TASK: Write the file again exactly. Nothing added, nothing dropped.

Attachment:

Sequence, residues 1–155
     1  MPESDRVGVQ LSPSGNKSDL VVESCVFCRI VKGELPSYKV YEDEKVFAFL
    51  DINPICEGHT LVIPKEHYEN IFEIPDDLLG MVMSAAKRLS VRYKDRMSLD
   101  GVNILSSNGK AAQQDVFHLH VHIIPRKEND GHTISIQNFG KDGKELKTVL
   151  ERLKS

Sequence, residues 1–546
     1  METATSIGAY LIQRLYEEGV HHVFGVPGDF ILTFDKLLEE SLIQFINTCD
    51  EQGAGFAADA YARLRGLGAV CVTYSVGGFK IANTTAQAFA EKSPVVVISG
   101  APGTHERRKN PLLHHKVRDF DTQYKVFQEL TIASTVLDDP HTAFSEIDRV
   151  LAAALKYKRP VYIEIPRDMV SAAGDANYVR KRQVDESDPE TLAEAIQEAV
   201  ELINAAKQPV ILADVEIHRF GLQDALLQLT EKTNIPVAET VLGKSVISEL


Sequence, residues 1–155
     1  MPESDRVGVQ LSPSGNKSDL VVESCVFCRI VKGELPSYKV YEDEKVFAFL
    51  DINPICEGHT LVIPKEHYEN IFEIPDDLLG MVMSAAKRLS VRYKDRMSLD
   101  GVNILSSNGK AAQQDVFHLH VHIIPRKEND GHTISIQNFG KDGKELKTVL
   151  ERLKS

Sequence, residues 1–546
     1  METATSIGAY LIQRLYEEGV HHVFGVPGDF ILTFDKLLEE SLIQFINTCD
    51  EQGAGFAADA YARLRGLGAV CVTYSVGGFK IANTTAQAFA EKSPVVVISG
   101  APGTHERRKN PLLHHKVRDF DTQYKVFQEL TIASTVLDDP HTAFSEIDRV
   151  LAAALKYKRP VYIEIPRDMV SAAGDANYVR KRQVDESDPE TLAEAIQEAV
   201  ELINAAKQPV ILADVEIHRF GLQDALLQLT EKTNIPVAET VLGKSVISEL